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The Returned Hardcover – Aug 27 2013
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"The Returned transforms a brilliant premise into an extraordinary and beautifully realized novel. My spine is still shivering from the memory of this haunting story. Wow." -Douglas Preston, #1 bestselling author of The Monster of Florence
"Jason Mott's impressive debut novel...is a tense and touching treatise on life, death and life again."
- USA Today
-Entertainment Weekly, Summer Must List
"In his exceptional debut novel, poet Mott brings drama, pathos, joy, horror, and redemption to a riveting tale." -Publishers Weekly, starred review
"This book offers a beautifully written and emotionally astute lens at our world gone awry....Poet and debut author Mott has written a breathtaking novel that navigates emotional minefields with realism and grace."
-Kirkus, starred review
"Mott brings a singularly eloquent voice to this elegiac novel, which not only fearlessly tackles larger questions about mortality but also insightfully captures life's simpler moments....A beautiful meditation on what it means to be human."
-Booklist, starred review
"A wondrous surprise. With fine craftsmanship and a deep understanding of the human condition, Jason Mott has woven a tale that is in turns tragic and humorous and terrifying. Surely this will spark many a fabulous book club discussion." -Eowyn Ivey, New York Times bestselling author of The Snow Child
"A deft meditation on loss that plays out levels of consequence on both personal and international stages. Mott allows the magic of his story to unearth a full range of feelings about grief and connection." -Aimee Bender, New York Times bestselling author of The Particular Sadness of Lemon Cake
"This is a masterly first novel for Mott...it speaks to many aspects of the human condition....Highly recommended for those who love a strong story that makes them think."
-Library Journal, starred review
"Thought-provoking, occasionally dreamlike...Mott's story of literal life after death will catch readers by their hearts and capture their imaginations....Grab this book as soon as you possibly can."
About the Author
Jason Mott holds a BA in fiction and an MFA in poetry and is the author of two poetry collections. His writing has appeared in numerous literary journals, and he was nominated for the 2009 Pushcart Prize. Jason lives in North Carolina.See all Product Description
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Top Customer Reviews
Mott came up with his original and thought-provoking premise after his mother passed away. Missing her, he dreamed of her one night. And the next day thought...what if....what if "she actually did come back, just for one night? And what if it wasn't just her? What if it happened to other people, too?"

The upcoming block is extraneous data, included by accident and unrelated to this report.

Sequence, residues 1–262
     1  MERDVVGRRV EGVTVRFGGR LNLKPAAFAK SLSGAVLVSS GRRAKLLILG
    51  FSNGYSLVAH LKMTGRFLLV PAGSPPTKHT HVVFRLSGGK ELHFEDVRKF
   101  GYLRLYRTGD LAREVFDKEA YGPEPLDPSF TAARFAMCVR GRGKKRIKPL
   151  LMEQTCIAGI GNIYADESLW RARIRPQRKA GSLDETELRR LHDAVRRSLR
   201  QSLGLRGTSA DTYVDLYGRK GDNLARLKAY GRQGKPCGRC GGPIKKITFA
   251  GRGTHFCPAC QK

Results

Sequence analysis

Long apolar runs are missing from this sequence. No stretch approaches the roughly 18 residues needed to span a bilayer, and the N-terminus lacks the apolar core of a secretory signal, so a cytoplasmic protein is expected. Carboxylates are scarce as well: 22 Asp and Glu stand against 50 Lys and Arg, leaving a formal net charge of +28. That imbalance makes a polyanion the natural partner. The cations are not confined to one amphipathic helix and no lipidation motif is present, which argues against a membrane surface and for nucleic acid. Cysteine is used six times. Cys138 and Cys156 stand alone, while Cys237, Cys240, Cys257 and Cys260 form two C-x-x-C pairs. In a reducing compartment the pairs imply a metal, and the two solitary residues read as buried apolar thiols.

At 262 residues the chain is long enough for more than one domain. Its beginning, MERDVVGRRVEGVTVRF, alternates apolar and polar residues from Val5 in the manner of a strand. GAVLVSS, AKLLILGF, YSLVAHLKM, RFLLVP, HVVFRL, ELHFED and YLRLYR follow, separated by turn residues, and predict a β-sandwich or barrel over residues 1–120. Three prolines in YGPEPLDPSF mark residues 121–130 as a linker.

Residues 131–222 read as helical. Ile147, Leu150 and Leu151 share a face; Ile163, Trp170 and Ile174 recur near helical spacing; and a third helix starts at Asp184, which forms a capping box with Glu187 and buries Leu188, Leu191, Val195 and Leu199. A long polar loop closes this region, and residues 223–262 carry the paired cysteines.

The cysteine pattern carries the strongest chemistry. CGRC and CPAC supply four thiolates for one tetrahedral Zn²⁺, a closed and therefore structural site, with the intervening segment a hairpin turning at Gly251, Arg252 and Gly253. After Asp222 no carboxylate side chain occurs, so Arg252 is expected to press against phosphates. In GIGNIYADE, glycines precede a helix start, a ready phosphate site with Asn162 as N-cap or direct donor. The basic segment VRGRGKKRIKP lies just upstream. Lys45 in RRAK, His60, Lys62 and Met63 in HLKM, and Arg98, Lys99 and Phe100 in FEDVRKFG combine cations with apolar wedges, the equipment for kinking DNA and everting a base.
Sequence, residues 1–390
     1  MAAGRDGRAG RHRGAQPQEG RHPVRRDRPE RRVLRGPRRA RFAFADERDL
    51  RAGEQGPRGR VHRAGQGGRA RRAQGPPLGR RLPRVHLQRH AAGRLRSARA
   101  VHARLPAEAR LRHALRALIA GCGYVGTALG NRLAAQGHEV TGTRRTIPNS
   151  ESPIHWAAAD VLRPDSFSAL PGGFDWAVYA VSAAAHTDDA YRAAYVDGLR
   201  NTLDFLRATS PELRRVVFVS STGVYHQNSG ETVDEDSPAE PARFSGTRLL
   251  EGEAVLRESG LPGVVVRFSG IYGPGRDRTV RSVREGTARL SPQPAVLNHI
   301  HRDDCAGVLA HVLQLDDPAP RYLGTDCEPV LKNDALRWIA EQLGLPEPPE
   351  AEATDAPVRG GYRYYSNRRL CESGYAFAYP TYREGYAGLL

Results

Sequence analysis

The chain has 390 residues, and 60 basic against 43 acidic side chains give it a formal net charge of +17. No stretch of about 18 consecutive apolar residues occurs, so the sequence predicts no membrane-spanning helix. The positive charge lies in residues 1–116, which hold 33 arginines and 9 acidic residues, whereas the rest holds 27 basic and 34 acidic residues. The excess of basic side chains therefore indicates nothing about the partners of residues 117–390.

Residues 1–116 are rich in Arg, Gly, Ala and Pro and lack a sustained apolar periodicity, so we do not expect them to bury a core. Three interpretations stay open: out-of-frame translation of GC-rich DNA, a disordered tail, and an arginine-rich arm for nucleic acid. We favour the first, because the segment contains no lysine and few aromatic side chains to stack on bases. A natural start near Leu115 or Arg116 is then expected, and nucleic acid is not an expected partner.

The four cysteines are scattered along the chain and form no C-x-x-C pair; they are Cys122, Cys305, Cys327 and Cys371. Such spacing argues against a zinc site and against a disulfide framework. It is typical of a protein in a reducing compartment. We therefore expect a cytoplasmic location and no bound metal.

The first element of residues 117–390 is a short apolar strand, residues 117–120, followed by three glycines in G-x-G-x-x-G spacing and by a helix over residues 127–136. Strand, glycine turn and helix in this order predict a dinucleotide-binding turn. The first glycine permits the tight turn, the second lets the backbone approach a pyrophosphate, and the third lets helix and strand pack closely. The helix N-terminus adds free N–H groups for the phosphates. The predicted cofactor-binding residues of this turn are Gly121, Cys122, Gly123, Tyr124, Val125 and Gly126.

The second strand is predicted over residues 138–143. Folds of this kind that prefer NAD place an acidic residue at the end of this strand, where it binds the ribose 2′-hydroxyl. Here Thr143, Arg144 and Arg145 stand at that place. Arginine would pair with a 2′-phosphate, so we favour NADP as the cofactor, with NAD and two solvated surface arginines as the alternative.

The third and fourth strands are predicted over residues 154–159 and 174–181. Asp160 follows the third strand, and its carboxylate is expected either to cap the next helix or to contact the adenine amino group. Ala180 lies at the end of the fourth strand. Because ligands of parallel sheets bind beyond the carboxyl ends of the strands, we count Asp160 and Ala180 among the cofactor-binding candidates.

And those are the Returned. Jacob William Hargrave died at eight years old in 1966. Almost fifty years later a Bureau Agent shows up in small town Arcadia, MO at Lucille and Harold's door with - well - with eight year old Jacob. Lucille doesn't question the miracle, but Harold does.
As more and more Returned appear, the miracle loses its sheen. Arcadia is declared a holding area for The Returned. More and more are shipped in. The 'True Living' are feeling crowded out and wronged. Tempers flare and aggression grows. But all Lucille wants is to be a mother to her son again. And Harold, he would do anything to keep Lucille happy. Anything.
"Just because a person don't quite understand the purpose and meaning of a blessing, that doesn't make it any less of a blessing....does it?
Mott captured me. I truly had no idea where he was going to go with this story. Are The Returned a blessing or a curse? We hear some of The Returned's own stories in short insert chapters. We follow along as Lucille and Harold try to deal with the unexpected hand that has been dealt to them. And when the Bureau takes control, the struggle to follow their hearts - at heavy costs.
The Returned can be read on many levels - simply exploring the love we feel at the loss of a loved one - what would you do if you could have one more day again?Read more ›
My issue with the book is the meandering, stark style which did not engage me. The characters, conversations and plot were really quite sad. I appreciated the honesty of the author's contention that if such a thing happened it would not be a joyous event. I agree that would be the case unfortunately as the book played out I grew increasingly depressed rather than involved or entertained. Though well written, halfway through I was looking forward to picking up another book.